Interested in joining the lab? Please contact me via email.

Dr. Robin B. Trayler

Postdoctoral fellow - University of California, Merced

Bio: I am interested in paleontology, paleoclimatology, and paleoecology. I use a variety of techniques in my research including stable isotope geochemistry, radiogenic isotope geochemistry, electron microscopy, and a variety of modeling techniques. (website)

Molly Karnes

PhD student - University of California, Merced

Bio: Molly is interested in modeling paleo food web dynamics and including morphological and stable isotope parameters to account for shark body size, environmental variation, and trophic level.


Eva Lyon

PhD candidate - University of Kentucky

Bio: I am driven by a great curiosity about processes of change in the natural world, whether anthropogenic, or driven by natural cycles. My research uses geochemical and physical analyses of sedimentary records to discern climatic and environmental change at various temporal and regional scales. My current project explores the glacial history of the Eastern Sierras in California using the sedimentary record of June Lake, CA. My prior work as a Lecturer in Geology at Concord University was perhaps the greatest driving factor in my decision to pursue a PhD. As such, after completing my dissertation at UK, I hope to earn a faculty position that allows me to both teach and mentor undergraduate research.

Sarah Zeichner

Sarah completed her undergraduate thesis with me at the Univ. of Chicago in 2016 and is now a PhD student at CalTech.

Bio: My research uses stable isotope analysis as a tool to explore the connection between shark ecology and environment with shark teeth isotopic composition. Past projects include: (1) Biological parameters based on organic carbon and nitrogen isotopic values to interpret modern shark ecology (based on teeth taken from a captive feeding experiment), and (2) Eocene high-latitude temperature gradients over time and space based on oxygen isotope values of fossil shark teeth and bivalves from La Meseta formation in Seymour Island, Antarctica.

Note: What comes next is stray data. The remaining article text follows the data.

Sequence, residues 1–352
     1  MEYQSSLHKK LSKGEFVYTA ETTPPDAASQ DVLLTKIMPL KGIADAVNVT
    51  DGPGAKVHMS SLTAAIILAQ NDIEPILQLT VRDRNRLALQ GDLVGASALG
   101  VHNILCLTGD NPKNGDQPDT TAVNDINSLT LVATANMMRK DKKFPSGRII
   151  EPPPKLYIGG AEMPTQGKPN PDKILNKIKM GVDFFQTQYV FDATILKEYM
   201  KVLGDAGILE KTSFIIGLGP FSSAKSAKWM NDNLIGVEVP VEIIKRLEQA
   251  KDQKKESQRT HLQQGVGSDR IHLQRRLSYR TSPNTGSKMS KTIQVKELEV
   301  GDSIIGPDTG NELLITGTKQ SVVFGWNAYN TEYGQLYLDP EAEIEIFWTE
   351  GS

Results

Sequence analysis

Lana Krol, DVM

Lana worked with me as an undergraduate at the Univ. of California, Santa Cruz and graduated in 2007.

Bio: As an undergraduate at UC Santa Cruz, I joined Sora as a student researcher for her PhD dissertation project. She was a superb role model who encouraged her team to formulate new ideas and think outside of the box. Working with her was the boost I needed in deciding to work intimately with animals and apply for veterinary school. A decade later, I am lucky to have her as a friend and sounding board.

photo credit and an article about Lana's current work -